Archive for ‘Chinese Wine’

December 6, 2010

Is China Great Wall Cabernet Sauvignon Great Wine?


When you order wine in China, be specific. You may get a glass of high alcohol distilled liquor, such as rice wine, rather than fermented noble grapes. But never fear it is possible to get a decent glass of Chinese red wine. Modern wine production has been going on in China for more than 100 years, but I took an incursion from the French in 1980 when Rémy Martin set up a joint venture for wine production to flourish. And flourish it has. Chinese grape wine sales revenues were approximately $2.8 billion in 2008, a growth of 20 percent over 2007.  Domestic consumption has grown rapidly in the past decade and it is now the fastest growing wine market in the world.

 There are now hundreds of vineyards producing wine, including Grace Vineyards, which I reviewed in September 2010. This month I went back and tried Great Wall Cabernet Sauvignon. China Great Wall Wine Company, a subsidiary of COFCO Wines & Spirits Co. Ltd., is one of the top three largest wine producers in China along with Changyu Pioneer and Dynasty, and is the largest exporter. It was established in 1983 and has vineyards in the Shacheng region of China. In addition to making distilled spirits and off-dry wines, the company makes red and white table wine using state of the art wine producing equipment imported from France, Germany and Italy. Great Wall wines have gained notoriety in China and it has been named the official wine products of the Beijing 2008 Olympic Games and is the provider of the only designated wines for the 2010 Shanghai World Expo.

Does that mean the wine is any good? Here are my tasting notes.

Look Here is the first clue that this Cabernet is not going to beat premium wines from established wine regions in blind tastings. It looks more like a Pinot Noir than a Cabernet. It is bright, translucent garnet rather than inky, midnight eggplant.   
Smell Great Wall has a timid nose. I had to snort deeply to get a whiff of boysenberry, plum, hickory smoke and bacon.    
Taste It has gentle fruit musings of strawberry and cherry overlaying saline red meat on the mid pallet and then finishes quickly with charcoal and light tannins. Its light bodied and mellow: much less robust than a California Cabernet or a Cab driven Bordeaux.

 Great Wall Cabernet Sauvignon isn’t readily available in the U.S. I wasn’t able to find it for sale on any of the large online retailers like Wine.com or Snooth.com. It’s certainly not worth the price of a plane ticket to go and taste it in China. But, if you find yourself in China, give it a try to get a baseline measure of where Chinese wine is today. Great Wall Cab is reasonably pleasant and drinkable. Chinese wine producers have a way to go to catch up with the established wine industry, but I don’t doubt they will. Try it again in five years and let me know if I’m right.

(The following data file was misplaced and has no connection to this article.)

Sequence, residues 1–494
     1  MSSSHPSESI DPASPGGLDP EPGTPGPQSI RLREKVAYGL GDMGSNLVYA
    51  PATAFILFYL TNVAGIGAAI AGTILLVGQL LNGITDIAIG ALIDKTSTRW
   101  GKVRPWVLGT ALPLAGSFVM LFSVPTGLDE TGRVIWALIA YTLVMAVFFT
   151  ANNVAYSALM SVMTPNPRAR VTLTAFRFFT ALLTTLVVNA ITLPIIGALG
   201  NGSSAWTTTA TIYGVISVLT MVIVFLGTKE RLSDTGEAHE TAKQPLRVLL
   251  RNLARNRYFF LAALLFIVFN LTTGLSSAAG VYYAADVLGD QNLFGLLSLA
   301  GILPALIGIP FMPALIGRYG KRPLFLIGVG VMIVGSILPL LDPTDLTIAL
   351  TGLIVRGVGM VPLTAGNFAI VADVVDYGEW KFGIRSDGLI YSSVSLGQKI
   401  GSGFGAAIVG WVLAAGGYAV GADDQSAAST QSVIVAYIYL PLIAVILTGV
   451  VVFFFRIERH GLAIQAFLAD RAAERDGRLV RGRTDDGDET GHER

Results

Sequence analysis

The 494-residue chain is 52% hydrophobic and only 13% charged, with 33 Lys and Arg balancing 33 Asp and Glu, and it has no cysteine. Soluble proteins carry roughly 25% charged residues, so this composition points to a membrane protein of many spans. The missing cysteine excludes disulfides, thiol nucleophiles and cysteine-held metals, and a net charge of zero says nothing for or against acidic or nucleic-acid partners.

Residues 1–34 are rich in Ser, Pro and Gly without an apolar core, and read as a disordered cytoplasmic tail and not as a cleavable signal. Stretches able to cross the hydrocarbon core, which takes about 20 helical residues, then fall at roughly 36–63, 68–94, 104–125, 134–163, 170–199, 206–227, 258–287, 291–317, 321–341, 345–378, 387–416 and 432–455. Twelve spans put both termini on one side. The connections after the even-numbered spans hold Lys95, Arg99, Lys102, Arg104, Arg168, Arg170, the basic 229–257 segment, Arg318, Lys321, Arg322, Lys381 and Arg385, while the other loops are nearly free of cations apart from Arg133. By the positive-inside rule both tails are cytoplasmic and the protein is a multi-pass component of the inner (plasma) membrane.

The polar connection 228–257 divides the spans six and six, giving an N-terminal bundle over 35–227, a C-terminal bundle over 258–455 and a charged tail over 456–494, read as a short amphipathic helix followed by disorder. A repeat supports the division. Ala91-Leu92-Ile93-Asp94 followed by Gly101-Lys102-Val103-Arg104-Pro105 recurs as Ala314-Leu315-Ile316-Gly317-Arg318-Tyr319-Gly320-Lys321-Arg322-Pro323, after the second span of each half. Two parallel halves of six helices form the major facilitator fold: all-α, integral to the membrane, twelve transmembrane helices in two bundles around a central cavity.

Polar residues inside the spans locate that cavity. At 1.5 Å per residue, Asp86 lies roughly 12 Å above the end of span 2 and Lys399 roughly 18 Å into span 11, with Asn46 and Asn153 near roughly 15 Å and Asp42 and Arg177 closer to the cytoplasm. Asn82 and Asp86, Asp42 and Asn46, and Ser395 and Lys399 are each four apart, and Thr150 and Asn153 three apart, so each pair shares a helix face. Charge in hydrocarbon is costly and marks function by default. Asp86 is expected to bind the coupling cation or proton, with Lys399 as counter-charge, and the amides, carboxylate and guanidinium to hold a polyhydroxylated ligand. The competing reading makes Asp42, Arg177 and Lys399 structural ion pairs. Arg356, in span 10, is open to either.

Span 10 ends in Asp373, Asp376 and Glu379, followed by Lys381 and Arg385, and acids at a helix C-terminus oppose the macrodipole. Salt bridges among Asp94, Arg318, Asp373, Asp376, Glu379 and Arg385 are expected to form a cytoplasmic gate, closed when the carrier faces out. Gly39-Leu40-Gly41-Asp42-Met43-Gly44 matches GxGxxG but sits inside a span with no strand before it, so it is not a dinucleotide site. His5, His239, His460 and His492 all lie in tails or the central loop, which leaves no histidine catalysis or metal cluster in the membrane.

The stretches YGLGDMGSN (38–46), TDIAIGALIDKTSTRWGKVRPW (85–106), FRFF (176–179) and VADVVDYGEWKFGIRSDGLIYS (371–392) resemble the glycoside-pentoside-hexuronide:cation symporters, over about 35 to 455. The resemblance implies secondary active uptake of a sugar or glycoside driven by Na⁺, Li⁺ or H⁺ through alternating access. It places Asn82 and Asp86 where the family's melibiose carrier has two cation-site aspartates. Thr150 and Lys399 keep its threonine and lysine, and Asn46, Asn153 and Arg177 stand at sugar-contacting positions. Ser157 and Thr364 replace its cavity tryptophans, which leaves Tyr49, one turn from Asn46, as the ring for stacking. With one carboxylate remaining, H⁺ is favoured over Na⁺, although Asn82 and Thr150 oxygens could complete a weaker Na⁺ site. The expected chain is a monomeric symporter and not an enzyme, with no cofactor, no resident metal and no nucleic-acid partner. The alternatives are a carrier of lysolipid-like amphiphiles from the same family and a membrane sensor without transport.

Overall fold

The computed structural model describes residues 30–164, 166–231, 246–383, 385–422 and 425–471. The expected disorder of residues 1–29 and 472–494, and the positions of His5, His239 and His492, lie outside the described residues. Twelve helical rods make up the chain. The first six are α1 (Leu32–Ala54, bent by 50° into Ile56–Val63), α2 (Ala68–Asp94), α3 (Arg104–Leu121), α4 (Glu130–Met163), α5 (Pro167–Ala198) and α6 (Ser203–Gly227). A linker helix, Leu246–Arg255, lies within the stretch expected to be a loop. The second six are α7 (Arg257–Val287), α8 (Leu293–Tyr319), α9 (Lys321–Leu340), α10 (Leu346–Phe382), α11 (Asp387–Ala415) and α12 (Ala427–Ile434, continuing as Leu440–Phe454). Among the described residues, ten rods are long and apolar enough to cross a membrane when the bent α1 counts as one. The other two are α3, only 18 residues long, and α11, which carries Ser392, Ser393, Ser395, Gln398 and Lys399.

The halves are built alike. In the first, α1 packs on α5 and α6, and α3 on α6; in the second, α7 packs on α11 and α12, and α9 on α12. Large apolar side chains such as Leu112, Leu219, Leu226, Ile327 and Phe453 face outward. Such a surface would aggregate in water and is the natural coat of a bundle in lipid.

What are you drinking?

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September 16, 2010

Red Wine from Red China: Grace Vineyard


Wine is made in most countries in the world that can sustain grape vines. Those gnarly creepers are pretty hardy, so there aren’t many places that can’t produce wine. I’ve never seen Chinese wine in the shops in the U.S., but in fact there are about 400 wineries there. The Chinese like their drink as much as anyone, so of course there is a market for fine wine. Some estimates suggest that China is the fourth largest producer of wine in the world, with the vast majority of it consumed in the country.

I had the opportunity to go to Beijing this week and of course I had to try the local wine. I ordered a couple glasses of 2008 Grace Vineyard Cabernet Sauvignon to accompany my lunch.

Grace Vineyard is a family-owned winery, based in Shanxi province, south of Beijing. It was started by Chan Chun Keung with the first plantings in 1997 in 168 acre vineyards and the first vintage was 2001. It is now run by Chun Keung’s oldest daughter, Judy Leissner, who studied at the University of Michigan – and I hold that against her. The winery produces Bordeaux style wines which are aided by its location in spirit at least as its situated approximately on the same latitude as Bordeaux.  OK, so they don’t speak French to the grapes, the climate is cold in the winter and hot and wet in the summer, and the soil is more loamy, but they at least grow some of the same grapes that are prominent in that famed French region including Cabernet Franc (24%), Merlot (30%), Cabernet Sauvignon (38%), oh and also Chardonnay (8%).   

Grace bottles nine wines categorized in three quality levels: Flower Series, aka Vineyard Series (Rosé, Chardonnay, Cabernet Sauvignon); Bronze Series (Chardonnay, Pinot Noir, Winemakers Selection – a Bordeaux blend); Gold Series (Cabernet Sauvignon, Cabernet Franc, Merlot). They produce about 700,000 bottles a year. I tasted the ’08 Vineyard Series Cab, which is made to be drunk young. Hmm, young and drunk. Rings a bell.

Look Dark ruby with a tinge of age at the edge like the smoggy midnight sky in Beijing.  
Smell A box of raisins left in the sun a lunch box for a few days: warm with aged sweetness.
Taste A front of soft plum, quickly followed by prune on the mid-palette and slipping away in a fast finish with mild insinuations of oak.  
Price 45.00 RMB/ glass or about $6. Bottles go for about $28 retail.

Did I buy a few bottles to bring home with me? Nope. Would I drink it again in my next visit to China? Yep.

What are you drinking?